Have you ever read the tasting notes on a bag of coffee and thought, “I don’t taste any of that!” We’ve been there, and the good news is you can improve your tasting ability with practice. Professional roasters use a technique called cupping to evaluate their beans and fine-tune their roasts. Customers like you can use cupping to help you recognize what flavors are present in your coffee. Once you taste them in a cupping, you’ll have an easier time tasting them in an ordinary cup.
If you only taste coffee in your coffee, this article is for you. We’ll teach you all about coffee cupping and how to improve your taste so you can appreciate the subtle notes that the roaster worked so hard to produce. There are many similarities between wine tasting and coffee cupping, and a lot of the techniques are similar. If you have a wine tasting background, you can use what you already know as a sommelier to inform your coffee tasting. Without further adieu, let’s get cupping!
What is cupping?
Cupping is a great way to learn how to taste the subtle notes in coffee, but what is it exactly? Cupping refers to making small, slightly weaker than standard cups of coffee with the express intent of tasting several – at least two – coffees side by side.
A key principle of coffee cupping is that the brew method should be very simple and repeatable. How a particular coffee tastes can depend on technique if you use a pour-over style method. An immersion-style is easier to reproduce since there is no human involvement after you pour the water. Making coffee for cupping is essentially making a tiny cup of French press just without the pressing part.
Another essential element to cupping is comparison. At the very least, you should taste two different coffees together and compare and contrast their flavors. We recommend that you start with two and work your way up to four or five as you become more experienced. Comparing two coffees makes it much easier to pick out flavors since one coffee gives you a baseline for the other.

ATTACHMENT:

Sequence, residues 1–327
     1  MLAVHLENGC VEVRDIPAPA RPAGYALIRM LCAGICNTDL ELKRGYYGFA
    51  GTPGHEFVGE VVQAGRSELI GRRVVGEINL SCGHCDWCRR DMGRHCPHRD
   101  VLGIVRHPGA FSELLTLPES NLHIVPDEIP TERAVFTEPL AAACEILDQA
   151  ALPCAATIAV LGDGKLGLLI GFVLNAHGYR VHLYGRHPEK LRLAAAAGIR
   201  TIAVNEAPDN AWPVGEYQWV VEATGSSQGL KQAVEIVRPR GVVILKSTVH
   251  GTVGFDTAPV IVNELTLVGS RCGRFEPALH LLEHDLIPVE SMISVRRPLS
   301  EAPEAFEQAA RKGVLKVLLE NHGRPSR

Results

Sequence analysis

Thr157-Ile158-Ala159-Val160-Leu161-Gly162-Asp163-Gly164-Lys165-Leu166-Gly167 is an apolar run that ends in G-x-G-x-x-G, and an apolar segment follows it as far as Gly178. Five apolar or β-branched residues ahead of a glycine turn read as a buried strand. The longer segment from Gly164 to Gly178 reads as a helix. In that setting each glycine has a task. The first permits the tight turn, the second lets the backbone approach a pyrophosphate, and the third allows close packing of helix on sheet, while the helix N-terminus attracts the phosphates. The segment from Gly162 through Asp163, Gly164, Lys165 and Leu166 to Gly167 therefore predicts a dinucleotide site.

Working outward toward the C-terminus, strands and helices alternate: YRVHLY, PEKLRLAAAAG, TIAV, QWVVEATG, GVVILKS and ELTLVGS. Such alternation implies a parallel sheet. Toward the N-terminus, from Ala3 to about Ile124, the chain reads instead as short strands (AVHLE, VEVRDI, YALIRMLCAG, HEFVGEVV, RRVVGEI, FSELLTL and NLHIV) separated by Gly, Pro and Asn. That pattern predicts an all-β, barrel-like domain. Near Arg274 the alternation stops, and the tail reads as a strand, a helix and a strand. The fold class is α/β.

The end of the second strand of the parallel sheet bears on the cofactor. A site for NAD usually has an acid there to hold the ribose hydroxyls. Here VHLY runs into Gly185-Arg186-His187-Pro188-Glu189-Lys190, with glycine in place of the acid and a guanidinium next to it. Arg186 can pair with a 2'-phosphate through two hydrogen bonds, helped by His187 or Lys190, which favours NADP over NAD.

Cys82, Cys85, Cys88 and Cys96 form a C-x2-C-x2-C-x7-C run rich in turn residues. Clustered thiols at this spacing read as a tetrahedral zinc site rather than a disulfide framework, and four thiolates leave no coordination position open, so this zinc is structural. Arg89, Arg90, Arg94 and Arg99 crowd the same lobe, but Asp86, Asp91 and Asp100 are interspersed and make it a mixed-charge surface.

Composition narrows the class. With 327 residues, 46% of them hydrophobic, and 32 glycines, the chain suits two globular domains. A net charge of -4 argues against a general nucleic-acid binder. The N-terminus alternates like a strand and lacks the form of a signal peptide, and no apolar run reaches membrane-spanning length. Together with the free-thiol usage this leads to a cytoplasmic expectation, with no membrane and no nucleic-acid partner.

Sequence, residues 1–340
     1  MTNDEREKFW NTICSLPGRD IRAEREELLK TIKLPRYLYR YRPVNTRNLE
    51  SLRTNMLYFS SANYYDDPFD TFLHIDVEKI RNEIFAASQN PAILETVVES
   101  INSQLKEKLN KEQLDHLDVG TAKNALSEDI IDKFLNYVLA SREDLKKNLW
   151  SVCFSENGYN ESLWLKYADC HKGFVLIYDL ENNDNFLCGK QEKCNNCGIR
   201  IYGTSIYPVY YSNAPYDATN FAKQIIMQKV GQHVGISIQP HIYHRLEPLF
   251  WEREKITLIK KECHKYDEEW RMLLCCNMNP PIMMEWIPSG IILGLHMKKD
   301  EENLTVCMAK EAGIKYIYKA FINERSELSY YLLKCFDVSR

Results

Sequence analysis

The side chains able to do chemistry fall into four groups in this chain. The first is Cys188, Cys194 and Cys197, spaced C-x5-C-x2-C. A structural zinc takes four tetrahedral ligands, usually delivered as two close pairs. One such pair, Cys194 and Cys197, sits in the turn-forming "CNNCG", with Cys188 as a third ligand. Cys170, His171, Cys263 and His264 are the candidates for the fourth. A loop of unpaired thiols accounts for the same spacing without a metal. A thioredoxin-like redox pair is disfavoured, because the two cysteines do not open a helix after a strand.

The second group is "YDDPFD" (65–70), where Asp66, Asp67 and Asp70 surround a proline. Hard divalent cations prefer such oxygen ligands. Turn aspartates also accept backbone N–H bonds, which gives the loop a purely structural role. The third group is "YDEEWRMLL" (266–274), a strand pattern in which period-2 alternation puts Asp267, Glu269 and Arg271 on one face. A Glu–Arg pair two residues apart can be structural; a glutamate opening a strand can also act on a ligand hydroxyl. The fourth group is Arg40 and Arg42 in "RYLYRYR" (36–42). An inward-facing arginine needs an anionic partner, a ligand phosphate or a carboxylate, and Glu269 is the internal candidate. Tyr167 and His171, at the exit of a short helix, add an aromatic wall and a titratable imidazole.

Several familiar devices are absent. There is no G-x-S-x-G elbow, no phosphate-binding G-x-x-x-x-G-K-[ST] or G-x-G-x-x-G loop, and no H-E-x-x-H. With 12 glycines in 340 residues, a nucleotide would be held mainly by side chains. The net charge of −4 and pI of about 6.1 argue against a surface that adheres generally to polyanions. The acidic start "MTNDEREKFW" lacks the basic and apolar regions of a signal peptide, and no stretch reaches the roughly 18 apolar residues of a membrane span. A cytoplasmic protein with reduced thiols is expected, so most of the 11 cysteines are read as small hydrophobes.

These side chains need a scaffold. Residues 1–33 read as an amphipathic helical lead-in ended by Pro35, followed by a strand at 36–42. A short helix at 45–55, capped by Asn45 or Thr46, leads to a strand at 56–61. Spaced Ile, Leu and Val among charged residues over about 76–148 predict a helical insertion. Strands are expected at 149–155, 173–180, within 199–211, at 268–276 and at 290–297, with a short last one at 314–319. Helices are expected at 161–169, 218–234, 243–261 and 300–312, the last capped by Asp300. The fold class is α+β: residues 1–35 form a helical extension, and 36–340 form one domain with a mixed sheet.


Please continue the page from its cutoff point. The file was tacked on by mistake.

A Simple Cupping Recipe
Now that you have a little background, let’s talk specifics.
1. Boil water.
Start by boiling water. This recipe calls for 200 mL of water per coffee. If you’re cupping two coffees, make sure to boil 400 mL.
2. Weigh the coffee.
Use the kitchen scale to weigh 12 g of each coffee separately.
3. Grind the coffee.
If you’re using whole bean coffee, grind each coffee separately into its own mug or bowl. Use a medium-fine grind size slightly coarser than you would use for a pour-over. A grinder is optional but recommended. We’re using the Hario Skerton Pro in this guide. If you don’t have a grinder, don’t worry. You can still do a cupping with pre-ground coffee; it’s just not ideal.
4. Pour hot water over the coffee and let steep.
Pour 200 mL boiling water over each coffee. Let them steep for 4 minutes.
5. Stir carefully.
You should notice a crust of coffee formed on the top of each mug, just like in a French press. Use a spoon to break the crust and gently stir the coffee. Once the crust has been broken, scoop any floating grounds away with the spoon and discard them.
Now that you’ve made your cups, it’s almost time to taste them. Before you dive in, you should let the coffee sit for ten minutes or so. Coffee that is too hot can be hard to taste. By allowing the coffee to cool off a bit before tasting, you give yourself a better chance of tasting the subtler notes present.